Back at Krakoa, Karma confronts Rahne about her new friendship with Shadow King. Which is understandable given that he once possessed Karma and did some pretty horrible things to her. Rahne’s angry reaction would suggest that Xi’an’s right to be worried.

This is all great stuff from Ayala, although the book suffers a bit for the lack of Rod Reis. I do hope he’s coming back!

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Marauders #22 by Gerry Duggan

Marauders #22 (Marauders (2019-))Marauders #22 (Marauders by Gerry Duggan
My rating: 4 of 5 stars

I enjoyed this issue, although it’s somewhat darker than we’ve come to expect from Gerry Duggan, or from this series in general.

The plotline involving the Cuckoos helping a girl who’s been the victim of an abusive father was handled well, and the Cuckoos as a group are characters that I always enjoy.

The revelation that Emma Frost had deceived Sebastian Shaw about the woman he loved, because she wanted to escape from him because he was abusive was also good, and of course the two parts are clearly thematically linked. Emma’s desire to protect women from the men who abuse them runs throughout this issue and is clearly a defining characteristic of the White Queen for Duggan. I think it works effectively as a method to humanise a character who was initially introduced to us as a villain.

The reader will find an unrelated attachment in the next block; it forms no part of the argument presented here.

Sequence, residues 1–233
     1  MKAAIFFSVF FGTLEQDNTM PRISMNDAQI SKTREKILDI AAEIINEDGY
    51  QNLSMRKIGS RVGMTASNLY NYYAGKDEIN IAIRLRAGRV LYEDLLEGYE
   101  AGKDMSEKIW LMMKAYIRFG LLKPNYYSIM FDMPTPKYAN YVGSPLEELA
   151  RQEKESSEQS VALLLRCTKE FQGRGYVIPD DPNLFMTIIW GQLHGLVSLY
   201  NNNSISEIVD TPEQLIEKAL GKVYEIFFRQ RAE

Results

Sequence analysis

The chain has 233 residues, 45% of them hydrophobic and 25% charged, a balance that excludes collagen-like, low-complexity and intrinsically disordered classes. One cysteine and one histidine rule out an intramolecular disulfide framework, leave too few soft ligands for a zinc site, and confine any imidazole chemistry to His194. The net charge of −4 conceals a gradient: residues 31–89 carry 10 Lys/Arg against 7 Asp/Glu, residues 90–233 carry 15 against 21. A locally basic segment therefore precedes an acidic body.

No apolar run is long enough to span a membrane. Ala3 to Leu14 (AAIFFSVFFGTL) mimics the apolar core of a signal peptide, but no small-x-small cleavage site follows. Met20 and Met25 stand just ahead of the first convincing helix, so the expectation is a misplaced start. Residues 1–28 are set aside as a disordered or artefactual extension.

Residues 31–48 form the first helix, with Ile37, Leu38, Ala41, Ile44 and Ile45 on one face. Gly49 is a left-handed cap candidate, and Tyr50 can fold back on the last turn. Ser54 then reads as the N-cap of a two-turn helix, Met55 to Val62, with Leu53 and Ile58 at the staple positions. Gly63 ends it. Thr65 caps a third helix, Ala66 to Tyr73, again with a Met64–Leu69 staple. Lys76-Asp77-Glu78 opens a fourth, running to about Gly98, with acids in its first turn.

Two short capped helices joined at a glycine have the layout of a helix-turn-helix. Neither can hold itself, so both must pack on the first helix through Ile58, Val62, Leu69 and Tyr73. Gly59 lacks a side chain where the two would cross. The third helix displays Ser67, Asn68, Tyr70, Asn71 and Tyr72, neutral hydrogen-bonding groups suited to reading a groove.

The artwork is superb throughout, with Matteo Lolli ably handling the present day and Klaus Janson handling the flashback in his own inimitable style.

Overall a very solid comic book that takes on some heavy subject matter and, on the whole, succeeds.

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X-Corp #3 by Tini Howard

X-Corp #3 (X-Corp (2021-))X-Corp #3 (X-Corp by Tini Howard
My rating: 4 of 5 stars

Oh, thank God, that’s more like it! After a rocky start this series has finally found its feet.

Of course, that might just be because this was a more Madrox centred issue…and the whole thing with Layla and his baby was just so crushingly sad. (Don’t worry, nobody died!)

But, yeah, I really enjoyed this, even if some of the non-Madrox related stuff was still a little confusing. I think I’ve generally got a handle on what’s going on. This book is fun and touching and that’s a good mix.

There are clearly more revelations to come, and if the book continues to be this good then I’m more than happy to stick around for them.

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Excalibur #22 by Tini Howard

Excalibur #22 (Excalibur (2019-))Excalibur #22 (Excalibur by Tini Howard
My rating: 5 of 5 stars

Pete Wisdom, Sheriff Whitechapel, a ton of Merlyn related Captain Britain shenanigans and a cut so deep into Captain Britain history that even I had to Google it! What more could you possibly want?

Well, maybe Kitty Pryde, Rachel Summers and Illyana Rasputin, but they’re not in this and you can’t have everything, I suppose.

But still, as a long time fan of the UK based end of the Marvel Universe (for the obvious reason that it’s where I’m from…well, the UK based end of reality, at least…) I absolutely loved this. It’s clear that Howard has been doing her research into the deep and rich history of these characters. It also can’t be stated enough just how much I love the Betsy Braddock version of Captain Britain.